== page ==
November 5, 2007: This website is an archive of the former website, traprockpeace.org, which was created 10 years ago by Charles Jenks. It became one of the most populace sites in the US, and an important resource on the antiwar movement, student activism, 'depleted' uranium and other topics. Jenks authored virtually all of its web pages and multimedia content (photographs, audio, video, and pdf files. As the author and registered owner of that site, his purpose here is to preserve an important slice of the history of the grassroots peace movement in the US over the past decade. He is maintaining this historical archive as a service to the greater peace movement, and to the many friends of Traprock Peace Center. Blogs have been consolidated and the calendar has been archived for security reasons; all other links remain the same, and virtually all blog content remains intact.THIS SITE NO LONGER REFLECTS THE CURRENT AND ONGOING WORK OF TRAPROCK PEACE CENTER, which has reorganized its board and moved to Greenfield, Mass. To contact Traprock Peace Center, call 413-773-7427 or visit its site. Charles Jenks is posting new material to PeaceJournal.org, a multimedia blog and resource center.
Wednesday, July 27, 2005
Study of baby teeth finds higher levels of strontium 90 near nuke plant
By DIANE BRONCACCIO
Recorder Staff Ð www.recorder.com
DEERFIELD - A pilot study analyzing the amount of strontium 90 in baby teeth shows that children living closer to the Vermont Yankee nuclear plant have much higher levels than children living farther away - a result showing that a larger study is warranted, according to several Franklin County residents, many of whom are opposed to nuclear power.
At a news conference Tuesday at Frontier Regional School, Agnes Reynolds, a Hartford, Conn., nurse and research associate for the national Radiation and Public Health Project (RPHP), announced the average levels of strontium 90 found in the nine baby teeth collected from families living closest to the Vernon, Vt., reactor were 61 percent higher then the baby teeth of 17 other children living further from the Vernon plant.
"This is a very limited, but extremely important study," said Dr. Ira Helfand, an emergency department physician at Cooley Dickinson Hospital and co-founder of Physicians for Social Responsibility. He said the study suggested more exposure to the contaminant, but that a larger study was needed, to make the outcome "statistically significant."
A larger Tooth Fairy Project is already in the works, and will include Franklin County.
"This is only a beginning," says Sally Shaw of Gill, an ecologist who is helping to organize the study. The group hopes to collect at least 100 baby teeth, along with data that includes the child's birth date and where the mother was living during the pregnancy. Shaw said baby teeth are being analyzed for the presence of strontium 90 because young children are most vulnerable to it, since it can be transmitted through breast milk and lodges in a child's growing bones.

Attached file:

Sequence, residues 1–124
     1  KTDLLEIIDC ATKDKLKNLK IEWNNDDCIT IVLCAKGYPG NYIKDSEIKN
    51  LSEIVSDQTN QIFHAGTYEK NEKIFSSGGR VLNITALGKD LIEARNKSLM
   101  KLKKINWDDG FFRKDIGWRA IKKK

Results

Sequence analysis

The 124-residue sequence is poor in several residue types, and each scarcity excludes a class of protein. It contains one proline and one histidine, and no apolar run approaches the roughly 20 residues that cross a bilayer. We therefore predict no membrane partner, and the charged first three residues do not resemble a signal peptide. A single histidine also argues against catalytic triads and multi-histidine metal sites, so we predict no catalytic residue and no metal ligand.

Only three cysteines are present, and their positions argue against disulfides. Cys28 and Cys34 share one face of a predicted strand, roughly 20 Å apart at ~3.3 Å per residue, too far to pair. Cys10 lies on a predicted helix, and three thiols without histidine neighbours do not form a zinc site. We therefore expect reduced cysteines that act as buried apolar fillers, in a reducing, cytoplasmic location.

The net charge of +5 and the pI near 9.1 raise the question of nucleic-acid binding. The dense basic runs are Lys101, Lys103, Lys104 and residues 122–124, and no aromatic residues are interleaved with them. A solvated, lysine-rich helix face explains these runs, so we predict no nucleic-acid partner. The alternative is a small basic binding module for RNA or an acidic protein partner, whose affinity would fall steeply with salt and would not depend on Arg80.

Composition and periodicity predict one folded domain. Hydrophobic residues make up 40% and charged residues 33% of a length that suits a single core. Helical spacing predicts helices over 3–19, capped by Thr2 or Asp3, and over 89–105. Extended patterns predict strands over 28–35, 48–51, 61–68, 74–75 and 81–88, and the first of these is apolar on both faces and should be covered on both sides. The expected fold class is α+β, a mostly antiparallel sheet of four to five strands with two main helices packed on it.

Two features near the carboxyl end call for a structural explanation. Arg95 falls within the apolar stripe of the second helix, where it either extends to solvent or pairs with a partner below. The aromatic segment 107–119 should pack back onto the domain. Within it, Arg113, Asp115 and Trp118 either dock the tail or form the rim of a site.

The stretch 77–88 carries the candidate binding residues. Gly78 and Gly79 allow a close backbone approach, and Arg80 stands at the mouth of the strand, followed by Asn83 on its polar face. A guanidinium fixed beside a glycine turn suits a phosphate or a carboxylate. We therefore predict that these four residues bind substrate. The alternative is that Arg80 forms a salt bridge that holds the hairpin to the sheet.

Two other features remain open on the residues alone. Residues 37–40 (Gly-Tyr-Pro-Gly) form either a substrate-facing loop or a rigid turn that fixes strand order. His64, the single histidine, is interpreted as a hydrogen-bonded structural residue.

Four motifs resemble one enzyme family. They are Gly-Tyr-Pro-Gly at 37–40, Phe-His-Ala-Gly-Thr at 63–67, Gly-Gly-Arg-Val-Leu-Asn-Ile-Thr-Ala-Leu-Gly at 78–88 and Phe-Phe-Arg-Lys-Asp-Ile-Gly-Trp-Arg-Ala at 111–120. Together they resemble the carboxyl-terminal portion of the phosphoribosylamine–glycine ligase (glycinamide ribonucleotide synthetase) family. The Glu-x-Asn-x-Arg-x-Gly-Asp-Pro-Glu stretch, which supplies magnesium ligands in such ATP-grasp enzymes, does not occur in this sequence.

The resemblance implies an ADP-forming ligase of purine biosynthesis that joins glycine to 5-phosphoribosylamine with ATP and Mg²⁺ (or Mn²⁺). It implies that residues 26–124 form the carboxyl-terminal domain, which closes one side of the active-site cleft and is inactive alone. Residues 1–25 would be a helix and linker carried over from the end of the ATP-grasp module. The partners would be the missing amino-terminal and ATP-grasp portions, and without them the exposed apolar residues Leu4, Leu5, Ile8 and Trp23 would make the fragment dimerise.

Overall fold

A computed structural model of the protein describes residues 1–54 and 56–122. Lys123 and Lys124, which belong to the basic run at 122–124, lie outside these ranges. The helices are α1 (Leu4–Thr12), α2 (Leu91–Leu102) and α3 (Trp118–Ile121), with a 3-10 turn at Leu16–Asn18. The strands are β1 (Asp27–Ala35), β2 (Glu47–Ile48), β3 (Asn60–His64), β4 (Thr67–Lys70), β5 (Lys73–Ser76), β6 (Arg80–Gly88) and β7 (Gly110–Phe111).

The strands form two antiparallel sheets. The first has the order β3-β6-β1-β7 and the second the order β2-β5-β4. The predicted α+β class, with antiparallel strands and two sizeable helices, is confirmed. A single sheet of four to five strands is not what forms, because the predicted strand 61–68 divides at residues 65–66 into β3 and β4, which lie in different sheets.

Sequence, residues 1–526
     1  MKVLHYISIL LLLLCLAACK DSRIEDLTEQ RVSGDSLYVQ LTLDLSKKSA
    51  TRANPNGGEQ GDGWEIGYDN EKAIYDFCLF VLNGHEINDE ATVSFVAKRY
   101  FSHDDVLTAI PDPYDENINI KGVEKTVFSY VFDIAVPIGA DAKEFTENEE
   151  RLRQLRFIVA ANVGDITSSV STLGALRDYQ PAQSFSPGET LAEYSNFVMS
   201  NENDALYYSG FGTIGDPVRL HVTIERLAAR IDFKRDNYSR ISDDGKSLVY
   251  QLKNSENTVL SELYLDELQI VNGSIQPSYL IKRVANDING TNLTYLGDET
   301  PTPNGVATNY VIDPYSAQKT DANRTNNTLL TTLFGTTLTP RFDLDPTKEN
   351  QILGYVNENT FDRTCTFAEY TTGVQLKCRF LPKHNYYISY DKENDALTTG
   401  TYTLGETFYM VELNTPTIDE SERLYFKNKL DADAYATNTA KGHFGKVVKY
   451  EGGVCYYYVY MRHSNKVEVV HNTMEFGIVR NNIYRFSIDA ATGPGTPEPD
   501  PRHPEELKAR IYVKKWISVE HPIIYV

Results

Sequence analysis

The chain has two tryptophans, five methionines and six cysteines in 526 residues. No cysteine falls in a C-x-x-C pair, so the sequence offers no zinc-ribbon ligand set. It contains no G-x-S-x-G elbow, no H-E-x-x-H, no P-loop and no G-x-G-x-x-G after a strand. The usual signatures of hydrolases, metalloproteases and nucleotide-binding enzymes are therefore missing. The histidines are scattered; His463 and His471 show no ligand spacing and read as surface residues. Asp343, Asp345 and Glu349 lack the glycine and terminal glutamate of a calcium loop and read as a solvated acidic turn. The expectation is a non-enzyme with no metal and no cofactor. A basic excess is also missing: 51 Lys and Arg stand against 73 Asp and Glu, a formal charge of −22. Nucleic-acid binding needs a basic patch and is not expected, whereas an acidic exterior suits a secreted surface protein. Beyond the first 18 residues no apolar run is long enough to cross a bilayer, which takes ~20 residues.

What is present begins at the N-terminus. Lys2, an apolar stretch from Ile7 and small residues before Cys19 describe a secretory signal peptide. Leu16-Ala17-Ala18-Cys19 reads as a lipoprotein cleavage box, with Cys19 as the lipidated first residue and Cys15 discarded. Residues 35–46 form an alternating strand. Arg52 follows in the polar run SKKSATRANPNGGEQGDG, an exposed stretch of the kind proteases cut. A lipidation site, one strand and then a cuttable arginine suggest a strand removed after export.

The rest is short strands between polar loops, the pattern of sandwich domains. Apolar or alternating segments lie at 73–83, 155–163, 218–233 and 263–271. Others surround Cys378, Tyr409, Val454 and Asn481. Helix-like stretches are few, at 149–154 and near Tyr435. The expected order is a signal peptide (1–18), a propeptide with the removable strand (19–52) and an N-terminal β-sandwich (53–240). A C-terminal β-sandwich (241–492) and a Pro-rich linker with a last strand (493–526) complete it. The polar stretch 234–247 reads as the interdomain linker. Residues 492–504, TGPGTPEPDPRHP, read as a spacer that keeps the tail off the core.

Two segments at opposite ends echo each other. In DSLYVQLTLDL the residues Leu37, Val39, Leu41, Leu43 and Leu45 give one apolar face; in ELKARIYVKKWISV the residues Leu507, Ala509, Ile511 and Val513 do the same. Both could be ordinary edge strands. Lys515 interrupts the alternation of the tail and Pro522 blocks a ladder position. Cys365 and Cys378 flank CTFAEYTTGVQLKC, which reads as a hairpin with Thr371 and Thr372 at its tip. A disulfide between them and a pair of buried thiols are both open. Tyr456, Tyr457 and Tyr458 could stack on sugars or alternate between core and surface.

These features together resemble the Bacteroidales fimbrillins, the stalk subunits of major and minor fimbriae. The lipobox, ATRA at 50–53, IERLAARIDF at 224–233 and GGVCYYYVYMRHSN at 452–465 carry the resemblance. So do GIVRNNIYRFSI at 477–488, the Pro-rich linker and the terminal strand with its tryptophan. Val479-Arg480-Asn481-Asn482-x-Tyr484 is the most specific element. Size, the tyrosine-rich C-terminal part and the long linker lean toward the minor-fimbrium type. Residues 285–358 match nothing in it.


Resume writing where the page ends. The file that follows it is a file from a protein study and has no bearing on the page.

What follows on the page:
So far, she said, about two dozen baby teeth have been collected from Franklin County residents and another two dozen have been collected from Windham County, Vt., where the plant is based. Along with the campaign to collect baby teeth, organizers are looking for donations to help pay the $7,200 for laboratory work ($72 per tooth), and $7,000 for RPHP consultant time and other administrative costs. The organization also has more information about the project and information forms that must be filled out by parents who donate a baby tooth.
Organizers hope to eventually release the data by showing levels of strontium 90 concentrations in teeth by zip codes.
Also, the study hopes to collect baby teeth from children who have been diagnosed with cancer, to check for strontium 90.
According to the Radiation and Public Health Project, scientists at Washington University in St. Louis collected 320,000 baby teeth between 1959 to 1970, and the studies that found higher levels of the contaminant occurred during the above-ground atomic bomb testing in Nevada. This was a factor that influenced the 1963 Partial Test Band Treaty. In 1998, RPHP began studying in-body radiation levels for people living near U.S. nuclear power plants. And, using the St. Louis study as a model, they have collected and tested more than 4,400 teeth, mostly near seven nuclear reactors.
Reynolds said the organization has published at least four articles on its findings in medical journals. She said it is timely to do a study regarding those living near the Vernon plant, since it is seeking to expand plant capacity by 20 percent.
Vernon Yankee spokesman Rob Williams said epidemiologists have generally not found the tooth fairy studies creditable "in terms of scientific methods and support for their conclusions."
"These anti-nuclear groups have tried this kind of tactic at many nuclear plants around the country, and it's always been found to be lacking in credibility," he said.
Sunny Miller, executive director of Traprock Peace Center, said several residents in many towns within Franklin and Hampshire counties have been visiting PTA meetings, libraries, grocery stores, dentist offices, churches and beaches explaining the project and asking for baby teeth and money.
On Friday, a dozen or more teeth will be mailed to the RPHP office from Traprock. More information is available at: www.grassrootspeace.org
You can reach Diane Broncaccio at: firstname.lastname@example.org or (413) 772-0261 Ext. 277.